Saturday, September 26, 2009

I'm so bored with BBC bias conspiracy theories

You know the dying days of the Labour Party in Government are upon us when the Culture Secretary, Ben Bradshaw (former BBC employee on the Today programme if I recall correctly) accuses the BBC of being biased toward the Tories. Of course, "BBC Bias" is a common complaint in UK politics. Most is usually directed from the Right towards the Left it must be said.

Sadly though it is a subject that rarely gets looked at properly because when the accusations fly, it is often dressed up as if it were a genuine co-ordinated liberal conspiracy - this as I understand it was one of the reasons that the site Liberal Conspiracy was so named i.e. that it was mocking the Right's protestations.

The problem though is slightly more complex than that but, in the classic hyperbole that passes for political debate on the subject the complexity tends to get lost. You rarely see the sophisticated argument about BBC impartiality put forward that says the BBC is not impartial but it's also not intentionally biased.

There is, for some strange reason, this misplaced belief by many that it is possible to be "objective" when analysing politics and/or social matters. However it is a myth, deftly expressed by Karl Mannheim in Ideology and Utopia and is commonly called the Mannheim Paradox.

The paradox notes that political and social analysis, which is essentially ideological based analysis, is always produced by a subject who in turn is subject to the same ideological scrutiny they perform on others.

At the BBC, as pointed out by the former BBC man, Robin Aitken, in Can we trust the BBC, there are a majority of people of self-declared left-leaning stance, it therefore follows that, through no fault of their own, their analysis with have a tendency towards bedrock assumptions that the group accept as self-evident.

This is why I don't think the BBC is intentionally biased. After all, if you have a group of journalists who all generally accept, for example, that public spending is a good thing, then you're analysis will display that bias, unwittingly, in the way reductions in spending are seen in their negative impact.

We're all set to see it in its full glory soon as the election draws nearer. Watch and listen to the way proposals of cuts will be reported with a dominant analysis about their negative impact rather than their positive impact on the general health of the balance sheet and the economy.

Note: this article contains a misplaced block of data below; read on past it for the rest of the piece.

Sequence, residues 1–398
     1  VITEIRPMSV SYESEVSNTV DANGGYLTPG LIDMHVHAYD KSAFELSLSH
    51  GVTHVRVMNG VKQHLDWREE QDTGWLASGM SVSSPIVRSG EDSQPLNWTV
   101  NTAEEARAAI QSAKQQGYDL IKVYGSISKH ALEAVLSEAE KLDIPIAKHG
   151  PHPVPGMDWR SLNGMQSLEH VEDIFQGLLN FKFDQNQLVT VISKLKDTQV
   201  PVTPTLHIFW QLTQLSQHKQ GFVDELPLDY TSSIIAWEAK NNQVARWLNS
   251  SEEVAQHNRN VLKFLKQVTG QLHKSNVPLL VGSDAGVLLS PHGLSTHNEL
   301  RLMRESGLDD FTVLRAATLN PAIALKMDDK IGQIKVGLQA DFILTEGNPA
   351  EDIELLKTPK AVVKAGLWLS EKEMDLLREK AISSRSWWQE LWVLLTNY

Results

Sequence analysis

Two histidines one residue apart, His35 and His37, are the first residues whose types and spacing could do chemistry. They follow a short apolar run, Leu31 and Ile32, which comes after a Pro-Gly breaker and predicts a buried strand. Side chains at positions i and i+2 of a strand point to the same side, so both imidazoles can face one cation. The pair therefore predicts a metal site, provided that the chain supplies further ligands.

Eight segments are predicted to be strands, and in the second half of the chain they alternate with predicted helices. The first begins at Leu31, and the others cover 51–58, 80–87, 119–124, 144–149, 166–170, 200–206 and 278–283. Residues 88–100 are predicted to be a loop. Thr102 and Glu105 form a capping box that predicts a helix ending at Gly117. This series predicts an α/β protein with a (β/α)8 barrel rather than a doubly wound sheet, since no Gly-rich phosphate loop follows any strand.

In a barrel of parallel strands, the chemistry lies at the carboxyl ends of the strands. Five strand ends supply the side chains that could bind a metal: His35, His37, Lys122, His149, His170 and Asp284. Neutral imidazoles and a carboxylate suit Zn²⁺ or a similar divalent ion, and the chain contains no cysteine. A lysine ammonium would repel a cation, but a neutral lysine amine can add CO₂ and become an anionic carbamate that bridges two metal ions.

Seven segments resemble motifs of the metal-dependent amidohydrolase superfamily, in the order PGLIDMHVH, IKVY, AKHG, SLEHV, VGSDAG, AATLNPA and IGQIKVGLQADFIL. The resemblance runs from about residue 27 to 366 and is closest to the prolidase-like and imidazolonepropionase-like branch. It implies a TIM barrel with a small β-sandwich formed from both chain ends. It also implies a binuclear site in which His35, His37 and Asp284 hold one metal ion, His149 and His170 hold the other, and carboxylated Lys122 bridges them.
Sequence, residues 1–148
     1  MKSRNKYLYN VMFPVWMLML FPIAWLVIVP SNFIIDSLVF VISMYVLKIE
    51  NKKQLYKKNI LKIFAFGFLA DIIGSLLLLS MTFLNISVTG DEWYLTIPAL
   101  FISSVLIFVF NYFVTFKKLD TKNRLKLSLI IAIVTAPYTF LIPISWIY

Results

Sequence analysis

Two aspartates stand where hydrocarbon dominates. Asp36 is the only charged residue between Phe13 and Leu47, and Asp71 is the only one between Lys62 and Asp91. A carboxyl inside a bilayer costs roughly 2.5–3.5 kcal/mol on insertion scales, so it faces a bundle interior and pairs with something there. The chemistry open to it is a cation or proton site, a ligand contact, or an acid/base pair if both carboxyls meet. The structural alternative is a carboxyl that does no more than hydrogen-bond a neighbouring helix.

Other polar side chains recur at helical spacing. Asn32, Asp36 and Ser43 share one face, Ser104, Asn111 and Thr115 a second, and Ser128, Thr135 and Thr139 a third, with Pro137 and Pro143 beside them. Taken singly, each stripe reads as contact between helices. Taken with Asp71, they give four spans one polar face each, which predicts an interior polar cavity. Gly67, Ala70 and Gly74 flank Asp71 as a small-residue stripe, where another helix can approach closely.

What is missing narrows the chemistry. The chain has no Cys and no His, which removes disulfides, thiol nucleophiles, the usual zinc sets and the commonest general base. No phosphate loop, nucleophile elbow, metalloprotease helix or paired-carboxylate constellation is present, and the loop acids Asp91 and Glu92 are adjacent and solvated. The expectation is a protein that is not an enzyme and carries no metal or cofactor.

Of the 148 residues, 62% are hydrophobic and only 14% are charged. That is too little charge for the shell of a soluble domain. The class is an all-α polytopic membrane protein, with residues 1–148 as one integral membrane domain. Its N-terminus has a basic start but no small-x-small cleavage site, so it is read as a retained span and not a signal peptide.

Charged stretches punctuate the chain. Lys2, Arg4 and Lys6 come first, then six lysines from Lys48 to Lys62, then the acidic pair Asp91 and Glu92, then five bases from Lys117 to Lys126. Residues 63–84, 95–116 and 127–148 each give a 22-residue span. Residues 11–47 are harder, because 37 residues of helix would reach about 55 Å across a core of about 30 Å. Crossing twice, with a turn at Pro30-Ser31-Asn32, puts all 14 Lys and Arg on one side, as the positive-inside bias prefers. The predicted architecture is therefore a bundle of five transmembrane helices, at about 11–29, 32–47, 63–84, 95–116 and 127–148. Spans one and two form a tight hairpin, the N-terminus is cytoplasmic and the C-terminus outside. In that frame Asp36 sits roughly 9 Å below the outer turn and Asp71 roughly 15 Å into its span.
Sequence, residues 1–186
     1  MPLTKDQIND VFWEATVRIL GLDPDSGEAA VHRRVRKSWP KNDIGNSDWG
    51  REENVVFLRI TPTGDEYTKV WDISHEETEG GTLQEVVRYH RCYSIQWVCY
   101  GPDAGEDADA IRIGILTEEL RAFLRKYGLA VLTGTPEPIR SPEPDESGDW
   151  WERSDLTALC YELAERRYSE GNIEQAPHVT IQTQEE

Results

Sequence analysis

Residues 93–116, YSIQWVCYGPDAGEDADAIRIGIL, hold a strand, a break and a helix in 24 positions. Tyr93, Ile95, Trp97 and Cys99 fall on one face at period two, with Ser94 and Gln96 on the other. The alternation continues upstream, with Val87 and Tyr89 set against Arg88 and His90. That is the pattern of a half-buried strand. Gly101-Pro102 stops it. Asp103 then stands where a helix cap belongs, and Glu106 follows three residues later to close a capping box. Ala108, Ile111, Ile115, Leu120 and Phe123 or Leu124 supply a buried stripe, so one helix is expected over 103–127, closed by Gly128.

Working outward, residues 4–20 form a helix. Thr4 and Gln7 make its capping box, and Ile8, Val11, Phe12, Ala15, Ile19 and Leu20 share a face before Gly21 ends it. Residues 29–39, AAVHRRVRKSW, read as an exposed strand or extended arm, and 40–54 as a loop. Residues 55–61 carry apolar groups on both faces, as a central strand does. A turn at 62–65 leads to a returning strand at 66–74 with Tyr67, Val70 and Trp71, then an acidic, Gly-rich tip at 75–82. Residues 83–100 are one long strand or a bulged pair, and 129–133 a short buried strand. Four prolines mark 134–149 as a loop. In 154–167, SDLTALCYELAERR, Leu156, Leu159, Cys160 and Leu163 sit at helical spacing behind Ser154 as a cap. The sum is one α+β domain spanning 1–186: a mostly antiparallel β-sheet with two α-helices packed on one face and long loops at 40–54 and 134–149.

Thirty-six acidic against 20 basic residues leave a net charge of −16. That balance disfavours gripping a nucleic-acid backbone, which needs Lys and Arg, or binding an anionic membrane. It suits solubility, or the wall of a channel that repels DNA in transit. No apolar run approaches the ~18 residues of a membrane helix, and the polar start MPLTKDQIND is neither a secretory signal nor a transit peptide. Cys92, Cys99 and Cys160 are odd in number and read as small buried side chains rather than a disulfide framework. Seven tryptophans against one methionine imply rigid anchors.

As I say though, it's not some big conspiracy where a cabal of BBC journalists get together and plot to push their agenda. It's just the impossibility of objectivity in social and political analysis with the added bonus of groupthink. If everyone has much the same world view and bedrock assumptions, then critical analysis of those assumptions won't happen, nor will they ever likely be discussed.

Of course, there is a structural problem at the BBC that doesn't help this, and that is the conflation of news and comment which is far more the norm these days. News is often reported with follow up comment by a correspondent. The demarcation between facts and opinion has become blurred.

This isn't just a problem for the BBC though, nor is it a problem that is only about the Left and media. If the BBC had a majority of right wing journalists the coin would be flipped. The most obvious example where the Right is dominant would be Fox News - which rather hilariously tries to calls itself "fair and balanced".

The reality is the BBC and other media is not objective. In some cases it can be deliberate, but most often, and I think this is certainly true of the BBC, it is unintentional. There is no big conspiracy of bias, but bias there is.

And yes, for the clever amongst you, this post and my view is subject to the same paradox mentioned above, but in my defence, I never claimed I was being objective.

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